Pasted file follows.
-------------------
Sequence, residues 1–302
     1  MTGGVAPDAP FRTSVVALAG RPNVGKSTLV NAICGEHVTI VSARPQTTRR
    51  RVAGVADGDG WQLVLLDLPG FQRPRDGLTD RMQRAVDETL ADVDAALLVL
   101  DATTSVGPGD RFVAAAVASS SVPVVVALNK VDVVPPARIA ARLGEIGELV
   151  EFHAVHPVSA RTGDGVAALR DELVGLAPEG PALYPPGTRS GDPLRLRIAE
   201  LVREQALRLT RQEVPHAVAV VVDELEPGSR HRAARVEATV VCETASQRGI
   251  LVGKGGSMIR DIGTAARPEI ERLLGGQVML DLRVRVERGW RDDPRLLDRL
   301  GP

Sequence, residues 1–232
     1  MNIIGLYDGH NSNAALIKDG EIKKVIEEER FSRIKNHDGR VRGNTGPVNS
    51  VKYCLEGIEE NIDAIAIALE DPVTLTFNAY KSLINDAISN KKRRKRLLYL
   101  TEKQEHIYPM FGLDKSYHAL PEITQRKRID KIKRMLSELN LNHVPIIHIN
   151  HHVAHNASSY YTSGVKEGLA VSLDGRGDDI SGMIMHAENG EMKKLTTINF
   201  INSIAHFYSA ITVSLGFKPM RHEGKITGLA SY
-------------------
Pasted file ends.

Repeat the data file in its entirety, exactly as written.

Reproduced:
Sequence, residues 1–302
     1  MTGGVAPDAP FRTSVVALAG RPNVGKSTLV NAICGEHVTI VSARPQTTRR
    51  RVAGVADGDG WQLVLLDLPG FQRPRDGLTD RMQRAVDETL ADVDAALLVL
   101  DATTSVGPGD RFVAAAVASS SVPVVVALNK VDVVPPARIA ARLGEIGELV
   151  EFHAVHPVSA RTGDGVAALR DELVGLAPEG PALYPPGTRS GDPLRLRIAE
   201  LVREQALRLT RQEVPHAVAV VVDELEPGSR HRAARVEATV VCETASQRGI
   251  LVGKGGSMIR DIGTAARPEI ERLLGGQVML DLRVRVERGW RDDPRLLDRL
   301  GP

Sequence, residues 1–232
     1  MNIIGLYDGH NSNAALIKDG EIKKVIEEER FSRIKNHDGR VRGNTGPVNS
    51  VKYCLEGIEE NIDAIAIALE DPVTLTFNAY KSLINDAISN KKRRKRLLYL
   101  TEKQEHIYPM FGLDKSYHAL PEITQRKRID KIKRMLSELN LNHVPIIHIN
   151  HHVAHNASSY YTSGVKEGLA VSLDGRGDDI SGMIMHAENG EMKKLTTINF
   201  INSIAHFYSA ITVSLGFKPM RHEGKITGLA SY